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Tomboy
Tomboy: A Graphic Memoir | Liz Prince
33 posts | 50 read | 58 to read
Growing up, Liz Prince wasn't a girly girl, dressing in pink tutus or playing Pretty Pretty princess like the other girls in her neighborhood. But she wasn't exactly one of the guys either, as she quickly learned when her Little League baseball coach exiled her to the outfield instead of letting her take the pitcher's mound. Liz was somewhere in the middle, and Tomboy is the story of her struggle to find the place where she belonged. Tomboy is a graphic novel about refusing gender boundaries, yet unwittingly embracing gender stereotypes at the same time, and realizing later in life that you can be just as much of a girl in jeans and a T-shirt as you can in a pink tutu. A memoir told anecdotally, Tomboy follows author and zine artist Liz Prince through her early childhood into adulthood and explores her ever-evolving struggles and wishes regarding what it means to "be a girl." From staunchly refuting anything she perceived as being "girly" to the point of misogyny, to discovering through the punk community that your identity is whatever you make of it, regardless of your gender, Tomboy is as much humorous and honest as it is at points uncomfortable and heartbreaking.
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holarosarita
Mehso-so

I...really didn‘t actually like this very much. Although it comes to a proper conclusion, way too much time is spent on self-hate and boy drama along the way.

khooliha At least there were good animal illustrations. 7d
2 likes1 comment
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holarosarita
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snek

khooliha A very cute one! 1w
2 likes1 comment
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holarosarita
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🐌 content

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holarosarita
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A child has gotten to this graphic memoir. #librarybook

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holarosarita
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Now for something that won‘t take 12 hours to read. #agraphicmemoir #readharder2020

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booklover3258
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Pickpick

My book review for this graphic memoir is on my YouTube Vlog at:

https://www.youtube.com/watch?v=yDMJzQ6xHaA

Enjoy!

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ReadingEnvy
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Reading Envy Podcast Episode 166: On Brand with Karen

Jenny was reading up to the minute we started recording because she wanted to talk about one of these books with Karen specifically. We talk about graphic novels in other languages, romance representation, and obscure science. And, as usual, we laugh a lot.
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https://tinyurl.com/ReadingEnvy166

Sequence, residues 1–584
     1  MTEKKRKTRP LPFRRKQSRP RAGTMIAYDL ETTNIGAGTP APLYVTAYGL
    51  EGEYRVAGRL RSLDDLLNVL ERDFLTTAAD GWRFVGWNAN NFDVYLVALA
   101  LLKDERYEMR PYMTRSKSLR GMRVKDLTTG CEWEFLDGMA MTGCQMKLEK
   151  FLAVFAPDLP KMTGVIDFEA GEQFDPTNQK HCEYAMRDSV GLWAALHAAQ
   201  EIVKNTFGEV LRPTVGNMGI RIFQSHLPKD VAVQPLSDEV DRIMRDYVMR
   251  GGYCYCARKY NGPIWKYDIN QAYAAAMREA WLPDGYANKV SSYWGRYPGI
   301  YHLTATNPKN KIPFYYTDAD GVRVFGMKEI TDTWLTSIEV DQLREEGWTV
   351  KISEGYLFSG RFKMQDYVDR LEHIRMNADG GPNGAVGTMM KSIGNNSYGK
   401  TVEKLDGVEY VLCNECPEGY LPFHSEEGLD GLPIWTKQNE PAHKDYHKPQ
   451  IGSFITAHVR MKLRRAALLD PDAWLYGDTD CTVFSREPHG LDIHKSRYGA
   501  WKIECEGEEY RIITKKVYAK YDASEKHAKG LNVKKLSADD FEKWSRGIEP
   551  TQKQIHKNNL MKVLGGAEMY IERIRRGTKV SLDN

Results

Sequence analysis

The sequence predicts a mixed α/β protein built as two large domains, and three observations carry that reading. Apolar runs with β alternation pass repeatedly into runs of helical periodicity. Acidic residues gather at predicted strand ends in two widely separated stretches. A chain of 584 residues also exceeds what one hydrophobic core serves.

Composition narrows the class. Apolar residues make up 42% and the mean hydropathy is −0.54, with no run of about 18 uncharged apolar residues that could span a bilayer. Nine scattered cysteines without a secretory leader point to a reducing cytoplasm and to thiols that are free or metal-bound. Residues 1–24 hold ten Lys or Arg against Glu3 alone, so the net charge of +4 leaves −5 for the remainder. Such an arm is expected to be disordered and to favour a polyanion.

Ruthiella Fan favorite KAREN!🎉 5mo
ReadingEnvy @Ruthiella 💃🤸 5mo
Lindy @ReadingEnvy Be sure to sign up Karen for your 666th episode. 😉 5mo
ReadingEnvy @Lindy heh! It was funny to realize the episode thing. 5mo
61 likes4 comments
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PerksOfBeingABookworm
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Panpan

I have been thinking for a few days about how to review this book. I can‘t fully explain why I really, really disliked Tomboy. It reads as a boring story about one person‘s friendships throughout her life. Her gender identity journey definitely takes the backseat in this book... that is about her gender identity. So much of this book is about Liz working through not being a boy, but not being a girl. Except, she does know she‘s a girl. Cont‘d👇🏼

PerksOfBeingABookworm So this book is marketed as and, for a limited time, seems to be written about a person who lives outside of the gender binary of being a boy or girl. But then at the end, she realizes that there are different ways of performing gender and she‘s just a cisgender gal. I read a whole, boring book hoping to learn about a non-binary person‘s journey, only to read about her friendships and realizations of being cisgender. 5mo
PerksOfBeingABookworm I think Tomboy could have been marketed in a different way. Tomboy wasn‘t at all what I was expecting and the synopsis doesn‘t seem to accurately represent the point of the book. And I find that really irritating. 5mo
51 likes2 comments
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PerksOfBeingABookworm
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“To borrow a metaphor from the kitchen sink... children form strong opinions easily. They soak up information from their parents, school, and the media and repeat it back to the world. So when you don‘t look or act like what everyone is told is the norm, you get proverbially barfed on a lot.”
This is so, so relatable.

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Krisjericho
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Pickpick